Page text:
Long-Term Care Environments Get A New Look
We know the “silver tsunami” is brewing—millions of baby boomers are growing older each day, requiring a sharp look by the healthcare industry at large at how their needs will be met in coming years.
A few facts that came out of this year’s Environments for Aging Conference paint that picture even more clearly: There are more than 41.4 million people in the U.S. age 65 and over; the number of 45- to 65-year-olds who will eventually need aging housing and services is 82.8 million; and the overall elderly population is expected to increase 102 percent between 2000 and 2030.
But it’s not just about the sheer number of individuals who are going to need services. The full picture comes into view when you also consider those individuals’ expectations for the space where they’ll be served.
The long-term care environment has come a long way, and it’s on a trajectory that will likely see even more wholesale changes in decades to come. Baby boomers strive to age in place first and move to facilities when necessary. And the desire for a homelike environment remains constant.
As Barbara Horwitz-Bennett reported in “Healthcare Design for the Ages,” modern long-term care environments call for more intimate living environments, decentralized staff work areas, and plenty of amenities, ranging from multipurpose rooms for social events and dining areas designed as restaurants to fitness and spa spaces and game rooms.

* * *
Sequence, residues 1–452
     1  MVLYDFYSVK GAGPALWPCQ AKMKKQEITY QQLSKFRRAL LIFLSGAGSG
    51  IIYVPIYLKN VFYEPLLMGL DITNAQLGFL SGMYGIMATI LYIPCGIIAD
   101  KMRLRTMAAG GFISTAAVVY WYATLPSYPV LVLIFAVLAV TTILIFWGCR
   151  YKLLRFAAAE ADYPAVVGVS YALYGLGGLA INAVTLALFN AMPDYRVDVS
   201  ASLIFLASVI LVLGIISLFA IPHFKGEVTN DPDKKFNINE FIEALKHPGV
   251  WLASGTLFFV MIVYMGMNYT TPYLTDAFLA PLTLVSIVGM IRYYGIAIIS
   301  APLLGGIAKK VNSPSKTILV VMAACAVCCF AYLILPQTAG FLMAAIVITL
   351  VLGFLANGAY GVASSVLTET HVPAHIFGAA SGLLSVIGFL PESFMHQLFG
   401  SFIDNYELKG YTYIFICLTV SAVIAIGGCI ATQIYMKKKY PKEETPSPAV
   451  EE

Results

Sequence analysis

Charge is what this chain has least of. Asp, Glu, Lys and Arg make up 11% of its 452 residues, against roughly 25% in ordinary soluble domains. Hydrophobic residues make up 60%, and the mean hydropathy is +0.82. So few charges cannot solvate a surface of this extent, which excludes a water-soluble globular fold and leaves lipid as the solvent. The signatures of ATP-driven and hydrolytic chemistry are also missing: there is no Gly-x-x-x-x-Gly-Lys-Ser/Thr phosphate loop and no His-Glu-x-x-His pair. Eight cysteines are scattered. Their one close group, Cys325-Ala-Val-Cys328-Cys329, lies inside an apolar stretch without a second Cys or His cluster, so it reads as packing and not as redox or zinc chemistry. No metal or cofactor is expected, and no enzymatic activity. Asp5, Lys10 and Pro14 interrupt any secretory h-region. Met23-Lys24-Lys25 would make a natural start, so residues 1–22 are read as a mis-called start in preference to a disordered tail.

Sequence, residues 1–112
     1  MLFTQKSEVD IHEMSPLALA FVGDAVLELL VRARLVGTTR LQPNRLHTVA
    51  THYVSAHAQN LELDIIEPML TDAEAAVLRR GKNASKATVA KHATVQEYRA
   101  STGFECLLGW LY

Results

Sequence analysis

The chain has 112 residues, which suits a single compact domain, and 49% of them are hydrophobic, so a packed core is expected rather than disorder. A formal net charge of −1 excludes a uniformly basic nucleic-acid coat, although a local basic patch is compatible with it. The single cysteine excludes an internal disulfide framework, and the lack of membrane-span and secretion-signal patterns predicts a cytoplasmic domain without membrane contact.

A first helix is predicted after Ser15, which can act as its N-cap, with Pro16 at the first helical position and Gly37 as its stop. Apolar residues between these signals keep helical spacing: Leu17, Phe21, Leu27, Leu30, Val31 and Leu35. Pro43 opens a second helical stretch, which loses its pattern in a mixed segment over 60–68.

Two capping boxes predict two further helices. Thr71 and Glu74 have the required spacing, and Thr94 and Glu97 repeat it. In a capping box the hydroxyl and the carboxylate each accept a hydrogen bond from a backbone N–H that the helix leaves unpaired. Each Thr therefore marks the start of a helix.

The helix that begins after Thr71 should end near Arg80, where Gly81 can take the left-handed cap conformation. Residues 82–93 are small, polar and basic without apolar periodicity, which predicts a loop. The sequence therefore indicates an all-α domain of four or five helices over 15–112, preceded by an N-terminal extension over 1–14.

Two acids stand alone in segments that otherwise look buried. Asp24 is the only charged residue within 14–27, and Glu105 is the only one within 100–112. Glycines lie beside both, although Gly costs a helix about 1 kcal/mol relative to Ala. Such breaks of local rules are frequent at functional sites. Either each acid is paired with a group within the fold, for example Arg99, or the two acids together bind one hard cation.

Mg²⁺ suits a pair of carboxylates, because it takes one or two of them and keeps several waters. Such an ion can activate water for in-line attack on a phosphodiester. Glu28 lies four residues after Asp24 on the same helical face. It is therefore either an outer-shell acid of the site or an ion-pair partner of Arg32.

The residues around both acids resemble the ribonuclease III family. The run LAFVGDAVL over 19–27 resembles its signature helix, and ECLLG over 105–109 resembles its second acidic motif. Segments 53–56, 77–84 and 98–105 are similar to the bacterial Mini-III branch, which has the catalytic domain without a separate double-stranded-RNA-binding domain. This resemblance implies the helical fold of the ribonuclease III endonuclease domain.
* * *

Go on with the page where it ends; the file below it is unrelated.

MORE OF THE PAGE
While there’s plenty to do to brace for what’s to come, it’s also important to celebrate what’s already been accomplished. This year’s Environments for Aging Remodel/Renovation competition strives to do just that.
Categories for this year’s remodel contest are staff areas, indoor-outdoor connections, and destinations. Our readers—including architects, interior designers, and facilities—wishing to highlight innovative and thoughtful design approaches that brought new life to a long-term care space are encouraged to take part.
Entries will be reviewed by a panel of experts appointed by the Society for the Advancement of Gerontological Environments (SAGE). The top three in each category will be posted online for reader voting, with the winners announced at the 2014 Environments for Aging Conference and published in the Fall 2013 issue of Environments for Aging.
The deadline is May 16. For more information, please visit: www.environmentsforaging.com/page/environments-aging-2013-remodelrenovation-competition.
And don’t forget Healthcare Design’s 2013 Remodel/Renovation Competition coming up soon. Watch our website for more information—the contest launches May 22 and winners will be honored at the 2013 Healthcare Design Conference (Nov. 16-19) in Orlando.